Praise for Obama, not votes

President Obama’s trip to Capitol Hill on Tuesday to sell his economic stimulus package won style points but few GOP votes.

Republicans praised Obama’s conciliatory tone and his willingness to listen to their ideas, while Obama offered an olive branch on taxes by telling the House conference that he could agree to lower the corporate tax rate if they agreed to close corporate tax loopholes.

ADVERTISEMENT
“Let’s close the loopholes, push aside the special interests, and we could lower the corporate tax,” Obama said, according to a source in the room.

Obama gave no indication he was willing to negotiate on the larger Republican point that more than $275 billion of the stimulus should go to tax cuts, however, and he appeared to change few minds on the package’s substance.  

“Did he swing votes? I don’t know,” said Sen. John Thune (S.D.), the GOP’s conference vice chairman. “He did a very good job in making his case. And he did a very good job of listening to some of the issues Republicans have.”

House Republicans pushing for more tax cuts and less spending criticized Democrats for shutting them out of the process of crafting the House bill, and tried to drive a wedge between Obama and Democratic leaders.

House Republicans erupted in applause after Republican Conference Chairman Mike Pence (Ind.) pleaded with Obama to tell Speaker Nancy Pelosi (D-Calif.) to include Republican ideas in the bill and in future legislation.

GOP Whip Eric Cantor (Va.) said that “the most encouraging statement the president made today, I think, was that he had no pride of authorship on this bill.”

“We take that to mean that [Wednesday’s House floor] vote is only the first step in the process, only the beginning,” Cantor said.

The president did not specifically address the GOP plea to influence the bill, according to attendees of the meeting. But he did tell the packed room that there will be “ample time” to alter the stimulus package after it is passed in the House and Senate, Rep. Lamar Smith (R-Texas) said.

After the meeting, House Republicans immediately reconvened without the president to continue working on the bill they’ve crafted as an alternative.

In the Senate, the new president was peppered with questions about the proposal, with GOP senators pressing him to reconsider the package’s $825 billion price tag and to keep the stimulus focused on the housing and financial markets. Obama was also asked to consider helping the housing market with the second half of the Troubled Asset Relief Program (TARP).

Obama’s response, according to senators and aides, was that he prefers an incremental approach that starts with the stimulus plan and then reaches the housing and financial markets.

Republicans told Obama that they, in turn, prefer the stimulus stay focused on those markets.

{mospagebreak}“We stressed to him that those are the two markets that created this crisis in the first place,” said one Republican.

Obama told reporters he didn’t expect to win every GOP vote, but made it clear he would still push to win enough GOP support for the stimulus to describe it as bipartisan.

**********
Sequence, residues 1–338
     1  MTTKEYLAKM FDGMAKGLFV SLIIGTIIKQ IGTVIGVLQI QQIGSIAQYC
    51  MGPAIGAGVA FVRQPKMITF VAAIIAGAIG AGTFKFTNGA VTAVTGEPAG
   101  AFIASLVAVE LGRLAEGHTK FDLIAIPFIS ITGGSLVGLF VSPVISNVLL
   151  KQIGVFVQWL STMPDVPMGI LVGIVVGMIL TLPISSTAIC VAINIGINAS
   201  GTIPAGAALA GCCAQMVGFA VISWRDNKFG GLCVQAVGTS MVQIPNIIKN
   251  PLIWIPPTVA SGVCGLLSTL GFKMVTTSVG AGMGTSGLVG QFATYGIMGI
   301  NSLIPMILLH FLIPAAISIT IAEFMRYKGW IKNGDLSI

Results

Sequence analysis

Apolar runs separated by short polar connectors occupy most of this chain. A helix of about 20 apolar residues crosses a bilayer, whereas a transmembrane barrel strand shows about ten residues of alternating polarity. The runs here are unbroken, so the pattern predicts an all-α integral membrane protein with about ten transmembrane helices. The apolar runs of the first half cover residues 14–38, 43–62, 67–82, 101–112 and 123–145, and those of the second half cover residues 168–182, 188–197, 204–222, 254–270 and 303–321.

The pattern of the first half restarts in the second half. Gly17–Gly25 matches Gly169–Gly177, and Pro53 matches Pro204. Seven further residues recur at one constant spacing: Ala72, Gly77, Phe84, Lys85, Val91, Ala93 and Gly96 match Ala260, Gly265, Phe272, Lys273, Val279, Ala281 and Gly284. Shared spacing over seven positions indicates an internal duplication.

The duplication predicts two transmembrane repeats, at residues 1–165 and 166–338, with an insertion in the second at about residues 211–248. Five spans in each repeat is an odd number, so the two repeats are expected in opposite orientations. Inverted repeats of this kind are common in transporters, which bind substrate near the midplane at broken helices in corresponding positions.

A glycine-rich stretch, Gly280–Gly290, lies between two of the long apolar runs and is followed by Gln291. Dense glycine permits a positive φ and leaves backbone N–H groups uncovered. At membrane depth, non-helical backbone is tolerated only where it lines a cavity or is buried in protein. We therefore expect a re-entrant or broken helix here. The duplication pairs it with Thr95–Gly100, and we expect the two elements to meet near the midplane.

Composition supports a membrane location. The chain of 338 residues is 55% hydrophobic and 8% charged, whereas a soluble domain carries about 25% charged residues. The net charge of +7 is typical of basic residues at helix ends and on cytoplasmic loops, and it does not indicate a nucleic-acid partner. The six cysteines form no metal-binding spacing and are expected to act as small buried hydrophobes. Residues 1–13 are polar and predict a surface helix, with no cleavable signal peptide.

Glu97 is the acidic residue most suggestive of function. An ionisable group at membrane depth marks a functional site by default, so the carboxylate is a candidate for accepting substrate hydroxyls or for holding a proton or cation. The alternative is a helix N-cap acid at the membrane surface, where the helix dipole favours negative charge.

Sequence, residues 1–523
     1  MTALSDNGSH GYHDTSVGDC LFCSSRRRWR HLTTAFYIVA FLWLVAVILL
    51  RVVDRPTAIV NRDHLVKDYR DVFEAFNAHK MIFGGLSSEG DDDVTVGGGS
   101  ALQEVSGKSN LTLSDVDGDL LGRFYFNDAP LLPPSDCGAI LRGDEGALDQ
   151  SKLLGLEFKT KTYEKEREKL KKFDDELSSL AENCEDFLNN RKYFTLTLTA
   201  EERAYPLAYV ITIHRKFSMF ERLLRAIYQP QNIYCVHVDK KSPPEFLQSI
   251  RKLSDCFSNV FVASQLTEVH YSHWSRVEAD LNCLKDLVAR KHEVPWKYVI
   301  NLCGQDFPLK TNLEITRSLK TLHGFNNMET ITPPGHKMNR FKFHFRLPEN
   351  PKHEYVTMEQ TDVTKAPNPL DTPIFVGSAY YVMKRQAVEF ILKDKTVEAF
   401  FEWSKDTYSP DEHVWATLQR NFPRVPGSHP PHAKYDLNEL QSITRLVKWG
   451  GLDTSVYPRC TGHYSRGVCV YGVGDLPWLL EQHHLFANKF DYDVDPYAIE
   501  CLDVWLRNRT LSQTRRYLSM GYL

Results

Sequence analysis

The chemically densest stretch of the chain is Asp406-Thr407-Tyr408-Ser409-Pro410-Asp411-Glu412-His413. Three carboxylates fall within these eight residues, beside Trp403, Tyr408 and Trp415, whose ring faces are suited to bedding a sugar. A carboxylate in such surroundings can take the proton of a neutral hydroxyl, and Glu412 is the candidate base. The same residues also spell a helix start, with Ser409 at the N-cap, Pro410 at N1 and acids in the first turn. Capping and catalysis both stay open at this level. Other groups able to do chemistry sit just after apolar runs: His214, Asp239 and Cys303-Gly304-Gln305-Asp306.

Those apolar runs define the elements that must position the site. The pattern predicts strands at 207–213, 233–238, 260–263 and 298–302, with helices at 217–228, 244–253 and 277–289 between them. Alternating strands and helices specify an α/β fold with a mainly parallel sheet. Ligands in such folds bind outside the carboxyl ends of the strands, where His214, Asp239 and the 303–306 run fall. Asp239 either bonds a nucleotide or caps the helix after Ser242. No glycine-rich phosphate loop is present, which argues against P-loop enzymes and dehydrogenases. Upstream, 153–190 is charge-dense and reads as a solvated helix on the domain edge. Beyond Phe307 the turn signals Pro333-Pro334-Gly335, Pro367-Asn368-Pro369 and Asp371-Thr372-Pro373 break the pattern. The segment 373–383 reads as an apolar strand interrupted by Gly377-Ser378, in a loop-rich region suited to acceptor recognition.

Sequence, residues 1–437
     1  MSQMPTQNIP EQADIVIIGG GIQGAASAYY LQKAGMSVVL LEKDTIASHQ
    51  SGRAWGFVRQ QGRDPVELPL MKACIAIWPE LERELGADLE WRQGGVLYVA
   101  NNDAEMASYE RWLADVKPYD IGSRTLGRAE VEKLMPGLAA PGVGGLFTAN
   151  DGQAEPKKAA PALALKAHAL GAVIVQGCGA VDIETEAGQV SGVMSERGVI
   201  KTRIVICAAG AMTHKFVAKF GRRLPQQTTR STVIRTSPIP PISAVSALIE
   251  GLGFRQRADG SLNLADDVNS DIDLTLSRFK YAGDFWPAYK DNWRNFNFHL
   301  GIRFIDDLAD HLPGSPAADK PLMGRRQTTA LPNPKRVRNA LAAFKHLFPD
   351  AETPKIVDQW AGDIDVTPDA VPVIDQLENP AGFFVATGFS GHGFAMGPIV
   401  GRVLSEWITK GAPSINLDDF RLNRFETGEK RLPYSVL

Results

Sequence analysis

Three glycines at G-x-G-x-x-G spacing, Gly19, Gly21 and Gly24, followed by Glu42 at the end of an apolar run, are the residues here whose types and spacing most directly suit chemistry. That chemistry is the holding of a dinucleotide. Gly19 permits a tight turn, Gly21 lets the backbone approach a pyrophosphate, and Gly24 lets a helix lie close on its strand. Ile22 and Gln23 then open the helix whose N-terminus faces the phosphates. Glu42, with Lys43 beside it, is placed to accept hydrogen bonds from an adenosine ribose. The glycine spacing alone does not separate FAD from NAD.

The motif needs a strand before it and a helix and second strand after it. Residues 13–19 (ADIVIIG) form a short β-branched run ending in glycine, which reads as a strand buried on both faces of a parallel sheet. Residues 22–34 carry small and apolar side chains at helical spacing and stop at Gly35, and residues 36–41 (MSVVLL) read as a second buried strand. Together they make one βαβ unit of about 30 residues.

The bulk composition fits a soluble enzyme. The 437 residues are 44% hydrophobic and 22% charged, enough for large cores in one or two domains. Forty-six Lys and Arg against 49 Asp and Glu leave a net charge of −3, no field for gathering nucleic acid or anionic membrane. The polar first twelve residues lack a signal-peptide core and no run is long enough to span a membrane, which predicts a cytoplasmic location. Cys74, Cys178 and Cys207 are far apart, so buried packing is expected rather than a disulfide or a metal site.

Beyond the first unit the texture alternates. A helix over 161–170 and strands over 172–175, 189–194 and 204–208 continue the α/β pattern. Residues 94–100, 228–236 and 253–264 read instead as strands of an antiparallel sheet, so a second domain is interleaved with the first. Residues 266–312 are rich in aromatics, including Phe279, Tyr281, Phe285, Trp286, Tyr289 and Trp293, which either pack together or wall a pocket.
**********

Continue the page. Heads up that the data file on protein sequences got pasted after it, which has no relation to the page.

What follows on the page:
“There are some legitimate philosophical differences with parts of my plan that the Republicans have, and I respect that,” Obama said between meetings.

ADVERTISEMENT
“I don’t expect a hundred percent agreement from my Republican colleagues, but I do hope that we can all put politics aside and do the American people’s business right now.”

The effort was set to continue Tuesday night, as White House Chief of Staff Rahm Emanuel invited several GOP members to the White House to win their support.

Republicans invited included Reps. Fred Upton (Mich.), Steven LaTourette (Ohio), Charlie Dent (Pa.), Jim Gerlach (Pa.), Mike Castle (Del.), Candice Miller (Mich.), Vernon Ehlers (Mich.), Jo Ann Emerson (Mo.), Leonard Lance (N.J.), Shelley Moore Capito (W.Va.) and Tom Petri (Wis.). Several are centrists or represent states among the hardest hit by the recession.

Ray LaHood, a Republican lawmaker who retired after the 2008 session and is now Obama’s Transportation secretary, was also set to attend the meeting.

Obama planned to keep the heat on Congress with remarks about the stimulus from the East Room of the White House on Wednesday. Obama hopes to have the bill on his desk by Presidents Day weekend.

Several GOP senators said there were no tense exchanges at the meeting. Sen. John McCain (R-Ariz.), whom Obama defeated last year for the presidency, did not speak.

Obama often told Senate Republicans, “You may be right — we’ll take a look at that,” and sometimes directed economic aide Lawrence Summers to note a suggestion he liked, according to those in attendance at the meeting.

Some senators and aides later grumbled at the president’s tardiness — expected at 1:15 p.m., Obama, flanked by press secretary Robert Gibbs and Summers, showed up a half-hour late, at 1:45 p.m.

“He sure does run late,” said one lawmaker. “It’s like a return to the Clinton era.”

Sen. Richard Burr (R-N.C.) complimented Obama on his tone and tenor.

“He understands the magnitude on his shoulders and you can hear it in his voice when he talks about the economy,” Burr said.

Minority Leader Mitch McConnell (R-Ky.) described the meeting as a frank exchange of views.

“We offered a number of suggestions, and the impression we were left with was that they were interested in taking a look at our suggestions,” McConnell said of the hourlong meeting.

Sam Youngman and Molly K. Hooper contributed to this article.